Grief work or grieving is a necessary process that one should go through in the event of any loss, be it death of a dear one or something else. Rituals like funerals and memorials are a common, necessary part of the grieving process that have helped people in expressing their feelings of sadness and sorrow by sharing emotions with family and friends. They also provide the much-required contact with death for those who joined such rituals to express their solidarity with the grieving family.
Things have changed over the years, and society has evolved in a manner where people grow up without an extended family or friends. One of the direct outcomes of this evolution is that people have very little contact with death, and find it difficult to cope with grief when death strikes someone close. Attending funerals of distant relatives and family friends actually prepares people towards accepting it as an inevitable reality.
Unresolved grief or its suppression can lead to serious consequences. There has been a lot of discussion about this, and many theories have been propounded on the process of grief. The mental health community is now exploring dimensions other than sorrow. Their focus is now upon the wider relationship between the comparative quantity, magnitude, or degree of grief and its suppression, as well as its overall affect on mental and physical health of individuals. Unresolved grief can cause various issues, including:
- Stress- Unresolved grief can lead to a lot of stress. Reactions under stress include physical dysfunctions that can enhance one's susceptibility to disease and aggravate existing physiological problems.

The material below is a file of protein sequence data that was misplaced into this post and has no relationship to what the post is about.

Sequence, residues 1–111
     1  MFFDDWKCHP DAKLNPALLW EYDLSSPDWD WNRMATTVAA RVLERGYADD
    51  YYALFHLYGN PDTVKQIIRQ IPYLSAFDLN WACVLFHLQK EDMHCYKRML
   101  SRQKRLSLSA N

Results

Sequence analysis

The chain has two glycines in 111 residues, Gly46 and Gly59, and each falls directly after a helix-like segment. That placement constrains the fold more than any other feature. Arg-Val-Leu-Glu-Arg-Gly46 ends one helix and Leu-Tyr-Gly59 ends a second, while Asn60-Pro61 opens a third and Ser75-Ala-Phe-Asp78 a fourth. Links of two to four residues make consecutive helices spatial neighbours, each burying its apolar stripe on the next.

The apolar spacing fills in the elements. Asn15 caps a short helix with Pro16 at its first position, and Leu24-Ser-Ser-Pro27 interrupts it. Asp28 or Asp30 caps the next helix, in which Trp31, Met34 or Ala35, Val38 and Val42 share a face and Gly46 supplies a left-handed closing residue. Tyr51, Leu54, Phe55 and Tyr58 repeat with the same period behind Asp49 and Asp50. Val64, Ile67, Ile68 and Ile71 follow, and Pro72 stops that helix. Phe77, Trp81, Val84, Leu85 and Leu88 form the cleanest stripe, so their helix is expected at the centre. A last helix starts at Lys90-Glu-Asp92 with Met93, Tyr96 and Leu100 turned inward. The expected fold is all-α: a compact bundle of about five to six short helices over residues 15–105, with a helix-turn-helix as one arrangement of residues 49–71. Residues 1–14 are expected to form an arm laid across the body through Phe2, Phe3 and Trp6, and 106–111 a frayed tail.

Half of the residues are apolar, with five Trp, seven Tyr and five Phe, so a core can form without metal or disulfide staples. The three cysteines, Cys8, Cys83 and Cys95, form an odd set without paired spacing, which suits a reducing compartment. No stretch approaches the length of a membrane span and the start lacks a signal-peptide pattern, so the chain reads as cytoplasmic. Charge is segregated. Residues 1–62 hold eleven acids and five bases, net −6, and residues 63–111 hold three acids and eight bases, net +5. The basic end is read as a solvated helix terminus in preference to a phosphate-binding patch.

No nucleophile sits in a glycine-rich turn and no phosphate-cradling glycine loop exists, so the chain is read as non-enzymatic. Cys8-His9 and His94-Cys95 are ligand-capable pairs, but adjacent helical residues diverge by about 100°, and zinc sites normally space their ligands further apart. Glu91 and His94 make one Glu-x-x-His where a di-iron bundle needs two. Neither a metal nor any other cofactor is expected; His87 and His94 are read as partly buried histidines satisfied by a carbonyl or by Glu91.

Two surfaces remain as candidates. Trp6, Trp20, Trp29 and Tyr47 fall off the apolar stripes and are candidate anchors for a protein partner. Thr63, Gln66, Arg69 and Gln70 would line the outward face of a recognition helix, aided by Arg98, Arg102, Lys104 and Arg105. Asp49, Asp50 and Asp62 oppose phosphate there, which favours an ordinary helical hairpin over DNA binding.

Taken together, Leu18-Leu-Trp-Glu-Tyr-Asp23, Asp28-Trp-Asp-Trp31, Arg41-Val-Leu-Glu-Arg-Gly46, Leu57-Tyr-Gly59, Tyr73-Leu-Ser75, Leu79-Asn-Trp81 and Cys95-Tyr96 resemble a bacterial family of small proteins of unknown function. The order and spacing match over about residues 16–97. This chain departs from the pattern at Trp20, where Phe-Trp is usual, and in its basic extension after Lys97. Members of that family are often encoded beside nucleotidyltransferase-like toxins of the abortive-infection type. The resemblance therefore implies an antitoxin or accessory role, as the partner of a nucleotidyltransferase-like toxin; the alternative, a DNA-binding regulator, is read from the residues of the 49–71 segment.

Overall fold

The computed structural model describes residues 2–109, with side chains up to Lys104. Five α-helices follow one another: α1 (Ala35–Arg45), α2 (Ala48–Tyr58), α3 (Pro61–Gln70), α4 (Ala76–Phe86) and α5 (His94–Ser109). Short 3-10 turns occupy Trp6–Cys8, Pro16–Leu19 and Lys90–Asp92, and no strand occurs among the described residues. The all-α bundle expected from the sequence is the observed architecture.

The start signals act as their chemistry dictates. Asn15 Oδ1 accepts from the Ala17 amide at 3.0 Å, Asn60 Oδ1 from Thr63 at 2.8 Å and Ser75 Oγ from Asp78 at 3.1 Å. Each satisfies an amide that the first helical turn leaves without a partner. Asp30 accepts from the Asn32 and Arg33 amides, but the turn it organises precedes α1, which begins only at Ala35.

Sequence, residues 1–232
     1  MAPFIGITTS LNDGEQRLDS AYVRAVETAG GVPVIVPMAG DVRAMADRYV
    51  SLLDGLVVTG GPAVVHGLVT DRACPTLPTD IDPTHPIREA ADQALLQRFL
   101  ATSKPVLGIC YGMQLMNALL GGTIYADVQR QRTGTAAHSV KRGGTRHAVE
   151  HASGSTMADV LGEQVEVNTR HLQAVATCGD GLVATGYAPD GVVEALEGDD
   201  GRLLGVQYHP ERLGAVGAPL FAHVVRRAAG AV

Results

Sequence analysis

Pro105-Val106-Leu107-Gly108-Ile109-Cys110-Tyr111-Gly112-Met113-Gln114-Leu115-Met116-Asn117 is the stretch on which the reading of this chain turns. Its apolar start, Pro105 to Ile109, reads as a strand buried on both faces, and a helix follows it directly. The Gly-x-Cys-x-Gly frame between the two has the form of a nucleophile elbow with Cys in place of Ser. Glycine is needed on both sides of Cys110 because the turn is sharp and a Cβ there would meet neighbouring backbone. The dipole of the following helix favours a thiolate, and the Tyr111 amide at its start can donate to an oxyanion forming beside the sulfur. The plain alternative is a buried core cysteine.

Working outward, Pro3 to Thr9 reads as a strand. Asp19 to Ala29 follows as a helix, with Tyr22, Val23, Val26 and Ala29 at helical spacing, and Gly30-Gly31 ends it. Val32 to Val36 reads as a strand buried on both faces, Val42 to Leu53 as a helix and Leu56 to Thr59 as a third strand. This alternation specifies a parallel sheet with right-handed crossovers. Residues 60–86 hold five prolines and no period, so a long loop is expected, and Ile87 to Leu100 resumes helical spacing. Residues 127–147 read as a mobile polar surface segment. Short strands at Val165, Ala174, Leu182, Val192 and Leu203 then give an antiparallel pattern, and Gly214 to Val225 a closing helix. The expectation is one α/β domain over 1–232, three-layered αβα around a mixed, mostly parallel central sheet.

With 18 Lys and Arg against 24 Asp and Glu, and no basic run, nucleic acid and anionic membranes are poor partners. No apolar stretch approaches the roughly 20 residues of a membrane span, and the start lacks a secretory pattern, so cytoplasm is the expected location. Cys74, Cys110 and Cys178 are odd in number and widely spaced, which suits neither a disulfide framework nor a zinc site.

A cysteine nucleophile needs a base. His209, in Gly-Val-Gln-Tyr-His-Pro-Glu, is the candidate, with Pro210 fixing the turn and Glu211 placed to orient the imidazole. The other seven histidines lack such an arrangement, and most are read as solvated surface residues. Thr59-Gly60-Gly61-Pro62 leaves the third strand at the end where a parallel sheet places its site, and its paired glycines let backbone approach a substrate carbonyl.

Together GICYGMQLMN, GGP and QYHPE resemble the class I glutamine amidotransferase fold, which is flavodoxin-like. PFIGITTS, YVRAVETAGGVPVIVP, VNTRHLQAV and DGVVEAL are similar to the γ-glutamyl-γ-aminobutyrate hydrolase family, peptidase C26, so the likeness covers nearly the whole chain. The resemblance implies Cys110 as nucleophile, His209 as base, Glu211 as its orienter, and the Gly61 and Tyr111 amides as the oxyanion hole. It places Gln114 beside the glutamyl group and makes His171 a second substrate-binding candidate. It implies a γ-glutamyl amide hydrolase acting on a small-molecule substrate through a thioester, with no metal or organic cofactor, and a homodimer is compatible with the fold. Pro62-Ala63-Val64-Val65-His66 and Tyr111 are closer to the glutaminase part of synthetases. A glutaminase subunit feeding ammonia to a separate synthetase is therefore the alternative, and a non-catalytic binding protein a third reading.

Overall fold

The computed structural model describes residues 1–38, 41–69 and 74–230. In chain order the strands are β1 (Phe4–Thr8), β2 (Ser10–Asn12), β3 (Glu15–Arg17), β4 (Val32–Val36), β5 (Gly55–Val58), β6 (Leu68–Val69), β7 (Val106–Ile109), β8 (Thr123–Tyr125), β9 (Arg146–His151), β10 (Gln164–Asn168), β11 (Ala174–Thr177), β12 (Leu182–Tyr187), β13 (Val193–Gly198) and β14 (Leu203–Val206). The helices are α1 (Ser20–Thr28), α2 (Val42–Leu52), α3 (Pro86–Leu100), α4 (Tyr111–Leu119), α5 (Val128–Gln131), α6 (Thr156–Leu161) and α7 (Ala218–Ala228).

- Perception- While an individual's cognitive abilities are instrumental in conquering grief, the same abilities can be hampered by prolonged grief. This can lead to impulsive actions and hasty decisions that may prove to be harmful or lead to accidents.
- Spiritual- A crisis of sorts occurs when there is an emphasis on suppressing grief rather than attaining a positive attitude for emotional wellness. Well-embedded assumptions and values are questioned. Questions like "why me" and "what did I do to deserve this" often lead to loss of faith and inner peace.
Besides an individual's own perception and reasoning, an equally significant part is played by the family and communal response to the loss. How one goes about controlling emotions also depends upon on the culture that one is born in, the influence that it has, and the available support system. These factors have a significant effect upon expression of grief and the ability to cope with the stress caused by it.
Denial of reality is dangerous, and refutation of a loss is no exception. Denial has far-reaching consequences that may surface as physiological or psychological problems. Grief should neither be denied nor suppressed. The sooner one accepts reality, the better it is for one's physical and emotional health.